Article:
Need Help with Creating Exercise Routine

Hello there,

I need your help with my exercise routine. So fistly, a bit about me. I am a 22 year old female, 5’11’’ 168 weight. My body fat % at the moment is 24%. I want to get it down to 15%. The thing is I have an anterior pelvic tilt, flat feet an pain in my knees (being tall is a struggle).

I have read quite a lot on nutrition and fitness, however, when it comes to me performing some of the exercises, I just can’t seem to do them without experiencing pai n either in my lower back, knees or feet. I was wondering if anyone can help me out by telling me what I need to do to get in shape without risking getting injured.

When I do squats I my knees feel like they fill up with air and they are about to pop. I might be imagining it or it might be normal but yeah. Any tips about training and nutrition for a way too tall but ambitious and consistent woman would be appreciated.

Start light. How much weight are you trying to squat? Any fitness writer worth their salt recommends that everyone, especially beginners, should start lighter than they think they should. Start squatting with just the bar, or even lighter with goblet squats or even just bodyweight squats. Something is better than nothing, and you should always start somewhere that lets you get the technique perfect and is pain free before you try to progress.

Posting videos of you attempting these lifts that hurt you will allow people here to critique your technique. Without seeing you perform the lift, it’s hard to guess what is causing the problem. A coach would be incredible, but not everyone has the finances to afford a quality trainer. Posting videos on here is the next best thing you can do. There was an article posted just the other day that talked about how deep you should squat-I recommend you read it and attempt the test it talked about.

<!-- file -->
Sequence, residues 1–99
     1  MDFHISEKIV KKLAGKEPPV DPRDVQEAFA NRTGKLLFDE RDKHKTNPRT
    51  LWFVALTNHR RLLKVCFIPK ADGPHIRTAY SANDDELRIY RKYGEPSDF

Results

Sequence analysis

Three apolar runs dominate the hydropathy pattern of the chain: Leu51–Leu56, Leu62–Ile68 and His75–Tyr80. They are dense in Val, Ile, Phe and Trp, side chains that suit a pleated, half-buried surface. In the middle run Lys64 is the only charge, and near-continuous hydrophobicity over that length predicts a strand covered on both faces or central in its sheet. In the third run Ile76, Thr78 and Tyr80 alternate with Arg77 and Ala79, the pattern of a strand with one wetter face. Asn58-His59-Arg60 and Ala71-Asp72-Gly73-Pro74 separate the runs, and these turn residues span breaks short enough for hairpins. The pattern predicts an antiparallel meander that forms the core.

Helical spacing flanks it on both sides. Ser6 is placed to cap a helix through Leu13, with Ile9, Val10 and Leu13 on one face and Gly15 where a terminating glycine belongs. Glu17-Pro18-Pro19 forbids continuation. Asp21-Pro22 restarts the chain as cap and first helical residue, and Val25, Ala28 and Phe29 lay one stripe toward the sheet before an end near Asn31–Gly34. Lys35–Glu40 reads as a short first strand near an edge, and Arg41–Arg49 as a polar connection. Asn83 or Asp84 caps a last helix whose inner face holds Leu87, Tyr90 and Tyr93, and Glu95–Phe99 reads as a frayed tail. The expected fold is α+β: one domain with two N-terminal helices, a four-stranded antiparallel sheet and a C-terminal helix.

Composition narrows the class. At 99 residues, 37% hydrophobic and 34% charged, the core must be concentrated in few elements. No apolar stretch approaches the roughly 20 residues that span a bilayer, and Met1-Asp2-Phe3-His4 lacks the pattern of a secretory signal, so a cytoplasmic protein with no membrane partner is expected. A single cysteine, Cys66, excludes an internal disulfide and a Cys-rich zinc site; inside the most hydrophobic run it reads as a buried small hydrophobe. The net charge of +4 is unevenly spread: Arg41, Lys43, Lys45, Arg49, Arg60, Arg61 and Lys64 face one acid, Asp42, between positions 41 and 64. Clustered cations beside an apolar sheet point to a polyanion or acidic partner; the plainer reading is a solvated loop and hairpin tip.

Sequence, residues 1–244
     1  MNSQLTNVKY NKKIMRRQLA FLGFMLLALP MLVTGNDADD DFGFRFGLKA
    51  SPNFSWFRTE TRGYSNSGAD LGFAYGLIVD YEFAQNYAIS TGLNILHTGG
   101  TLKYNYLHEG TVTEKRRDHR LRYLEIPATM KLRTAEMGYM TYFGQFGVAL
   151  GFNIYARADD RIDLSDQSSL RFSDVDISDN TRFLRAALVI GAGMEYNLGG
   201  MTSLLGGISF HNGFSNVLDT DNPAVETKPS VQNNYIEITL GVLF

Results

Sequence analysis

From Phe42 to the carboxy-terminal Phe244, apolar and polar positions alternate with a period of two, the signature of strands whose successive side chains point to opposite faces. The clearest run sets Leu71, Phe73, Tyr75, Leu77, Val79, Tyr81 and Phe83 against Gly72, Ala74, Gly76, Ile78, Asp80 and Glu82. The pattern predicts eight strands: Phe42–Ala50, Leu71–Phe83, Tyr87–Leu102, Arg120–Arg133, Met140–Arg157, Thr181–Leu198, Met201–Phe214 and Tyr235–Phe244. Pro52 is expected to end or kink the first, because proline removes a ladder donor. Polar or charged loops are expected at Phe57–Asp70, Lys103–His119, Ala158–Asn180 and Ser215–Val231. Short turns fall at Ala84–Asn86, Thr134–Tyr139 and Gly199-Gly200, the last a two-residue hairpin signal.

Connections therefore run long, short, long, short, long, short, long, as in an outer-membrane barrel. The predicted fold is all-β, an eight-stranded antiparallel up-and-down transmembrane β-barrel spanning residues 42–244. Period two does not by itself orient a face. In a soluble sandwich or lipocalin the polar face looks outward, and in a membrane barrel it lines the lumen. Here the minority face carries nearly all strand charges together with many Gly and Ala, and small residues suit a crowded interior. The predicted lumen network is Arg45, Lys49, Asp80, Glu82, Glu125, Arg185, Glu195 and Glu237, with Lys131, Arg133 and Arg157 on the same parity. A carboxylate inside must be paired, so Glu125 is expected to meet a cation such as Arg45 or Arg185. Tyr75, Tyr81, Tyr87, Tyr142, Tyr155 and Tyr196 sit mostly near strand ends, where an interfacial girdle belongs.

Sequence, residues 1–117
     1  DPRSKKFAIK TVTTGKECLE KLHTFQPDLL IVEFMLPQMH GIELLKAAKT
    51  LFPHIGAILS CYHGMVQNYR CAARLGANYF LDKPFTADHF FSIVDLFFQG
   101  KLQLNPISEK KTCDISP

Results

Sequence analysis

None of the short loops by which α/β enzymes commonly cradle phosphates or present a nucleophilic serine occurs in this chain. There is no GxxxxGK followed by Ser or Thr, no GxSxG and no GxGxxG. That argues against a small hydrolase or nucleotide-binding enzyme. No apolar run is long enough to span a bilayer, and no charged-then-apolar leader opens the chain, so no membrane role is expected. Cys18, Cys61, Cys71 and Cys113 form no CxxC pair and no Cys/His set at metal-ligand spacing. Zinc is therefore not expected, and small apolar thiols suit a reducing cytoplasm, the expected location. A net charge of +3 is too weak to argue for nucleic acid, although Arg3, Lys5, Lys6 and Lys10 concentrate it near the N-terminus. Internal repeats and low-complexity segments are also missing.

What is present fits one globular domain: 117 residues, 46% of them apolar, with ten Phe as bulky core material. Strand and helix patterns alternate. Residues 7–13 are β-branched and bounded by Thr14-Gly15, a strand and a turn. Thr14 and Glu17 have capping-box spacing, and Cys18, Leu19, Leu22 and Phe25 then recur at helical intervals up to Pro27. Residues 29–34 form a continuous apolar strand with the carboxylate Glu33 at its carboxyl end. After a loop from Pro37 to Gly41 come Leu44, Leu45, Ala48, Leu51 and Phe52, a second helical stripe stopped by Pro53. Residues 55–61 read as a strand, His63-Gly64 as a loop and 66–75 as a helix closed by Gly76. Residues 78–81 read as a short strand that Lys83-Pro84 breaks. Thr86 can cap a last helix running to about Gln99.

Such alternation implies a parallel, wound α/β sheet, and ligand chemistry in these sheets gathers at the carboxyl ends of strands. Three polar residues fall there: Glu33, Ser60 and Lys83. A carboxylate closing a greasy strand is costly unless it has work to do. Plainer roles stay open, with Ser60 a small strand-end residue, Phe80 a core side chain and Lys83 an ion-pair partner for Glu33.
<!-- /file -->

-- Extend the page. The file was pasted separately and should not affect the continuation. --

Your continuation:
As a beginner, I’ve always liked Stronglifts 5x5 as a good starting point, or Ripptoe’s Starting Strength. Just remember, check your ego at the door, and start light. That was the hardest thing for me to grasp, and once you get a few weeks under your belt, the progress will begin.

Also as a beginner, cardio is not going to be as important as diet and proper weight training to get BF down. Don’t be too surprised if you see your weight increase at the beginning once you start training due to muscle growth-muscle is much denser then fat, so even if your weight goes up, your body composition and BF% will decrease.

It sounds like you have mobility issues. This is extremely common in beginners – don’t sweat it, but it IS something you need to work on. To start, google Joe Defrano’s Limber 11 and do that mobility routine. The video is about 20 minutes long but once you learn the routine it should only take 10-15 minutes to actually do it. It’s perfect for a warm up before you work out or you can do it on its own at home.

Just make sure you do it every day. If you don’t have access to a foam roller and lacrosse ball you can skip that part of the routine the first time through but you’ll definitely want to invest in them before too long. The benefits are huge.

Also, google “couch stretch” and do that every day too. 2 minutes each side, at least once per day. When you have time, experiment with other stretches for your hip flexors, quads, IT Bands, adductors, and calves (all easily googlable) and do the ones that you feel are the most beneficial.

I know mobility stuff isn’t as sexy or cool as lifting, but it will allow you to do what you need to do in the gym and will likely improve your quality of life outside the gym as well (at 22 you shouldn’t be constantly having knee pain.) Once you get yourself fixed up you won’t have to dedicate as much time to it and a simple warm up routine and some stretching on your off days will be enough. Until then you should really make it a priority. If you do that and follow breakingiron’s advice above, you should be golden.